A Comparison of Geoid and Quasigeoid Modeling Methods in Rough Topography

  • A. Mainville
  • M. Véronneau
  • R. Forsberg
  • M. G. Sideris
Conference paper
Part of the International Association of Geodesy Symposia book series (IAG SYMPOSIA, volume 113)


Geoid models covering regions as large as Canada, the United States, Europe and Scandinavia have been successfully computed with relative precision of a few centimetres over distances up to 1000 km. While this precision is proven using GPS measurements taken along levelling lines, it is a challenge to obtain the same precision in areas of rugged topography, especially since there are very few levelling lines which run up to the top of mountains. Here, geoid and quasigeoid models are computed along levelling lines with stations as high as 1500 metres, crossing the southern part of the Canadian Province of British Columbia where heights range from sea level to about 3500 metres. Various mathematical modeling techniques have been tested. They all involve the use of a global geopotential model and local gravity anomalies, and differ with regard to the way they treat the topography. The first one is the straightforward application of Stokes’ integral using the condensation technique. It consists of removing the effect of the topography according to Helmert’s condensation reduction from gravity anomalies and restoring the corresponding effect, i.e., the indirect effect, to the geoid heights. The second technique applied is called the residual terrain model (RTM) technique. In this case, the effect of the topography with respect to an average height surface is removed and restored. Height anomalies are here computed. They are transformed to geoid height for comparison with the other technique. Both techniques agree and provide a precision of 7 cm along a profile of 900 km. In most of the region, the average gravity data spacing is 10 – 15 km. Since parts of the region had a dense data coverage, a 5 km-grid was used as the most dense grid in the test computation. The denser grids did not statistically agree better with GPS than the wider grids but, in general, produce a better resolution geoid in regions of rugged topography. Graphical display will be required in following studies to show the difference between the two techniques. A close look to the correlation with topography may identify the route to improvement.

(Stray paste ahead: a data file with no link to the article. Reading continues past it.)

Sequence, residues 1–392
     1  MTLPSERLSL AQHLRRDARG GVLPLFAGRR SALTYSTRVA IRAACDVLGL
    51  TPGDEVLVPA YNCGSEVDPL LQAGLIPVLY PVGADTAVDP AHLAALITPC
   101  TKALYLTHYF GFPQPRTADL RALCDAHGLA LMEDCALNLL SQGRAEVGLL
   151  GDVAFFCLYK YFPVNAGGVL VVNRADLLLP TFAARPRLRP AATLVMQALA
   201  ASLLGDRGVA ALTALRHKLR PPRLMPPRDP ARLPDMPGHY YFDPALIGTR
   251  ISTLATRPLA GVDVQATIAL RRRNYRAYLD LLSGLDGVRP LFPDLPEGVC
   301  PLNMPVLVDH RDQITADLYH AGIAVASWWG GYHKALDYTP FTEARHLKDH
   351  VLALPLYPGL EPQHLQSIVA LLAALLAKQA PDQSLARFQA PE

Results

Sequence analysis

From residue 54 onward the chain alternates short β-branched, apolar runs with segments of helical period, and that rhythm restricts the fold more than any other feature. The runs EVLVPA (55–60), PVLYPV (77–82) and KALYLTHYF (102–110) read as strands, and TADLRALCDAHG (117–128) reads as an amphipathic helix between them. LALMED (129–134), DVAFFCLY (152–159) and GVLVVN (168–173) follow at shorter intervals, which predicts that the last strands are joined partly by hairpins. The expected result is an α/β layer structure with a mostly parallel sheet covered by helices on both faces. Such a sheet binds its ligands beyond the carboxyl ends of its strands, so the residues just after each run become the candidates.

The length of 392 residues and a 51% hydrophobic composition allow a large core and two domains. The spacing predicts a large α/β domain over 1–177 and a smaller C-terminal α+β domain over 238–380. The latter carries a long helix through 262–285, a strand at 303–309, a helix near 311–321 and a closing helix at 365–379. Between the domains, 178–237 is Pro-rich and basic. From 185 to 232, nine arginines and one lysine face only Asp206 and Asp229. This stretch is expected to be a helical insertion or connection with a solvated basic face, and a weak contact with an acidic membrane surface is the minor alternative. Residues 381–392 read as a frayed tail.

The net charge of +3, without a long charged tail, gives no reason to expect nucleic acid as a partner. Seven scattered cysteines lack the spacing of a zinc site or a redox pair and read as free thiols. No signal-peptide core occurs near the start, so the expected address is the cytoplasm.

Digital Elevation Model Gravity Anomaly Height Anomaly Bouguer Anomaly Geoid Height 
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Copyright information

© Springer-Verlag Berlin Heidelberg 1995

Authors and Affiliations

  • A. Mainville
    • 1
  • M. Véronneau
    • 1
  • R. Forsberg
    • 2
  • M. G. Sideris
    • 3
  1. 1.Geodetic Survey DivisionGeomatics Canada, Dept. of Natural ResourcesOttawaCanada
  2. 2.Geodetic DivisionKort- og MatrikelstyrelsenCopenhagenDenmark
  3. 3.Department of Geomatics EngineeringThe University of CalgaryCalgaryCanada

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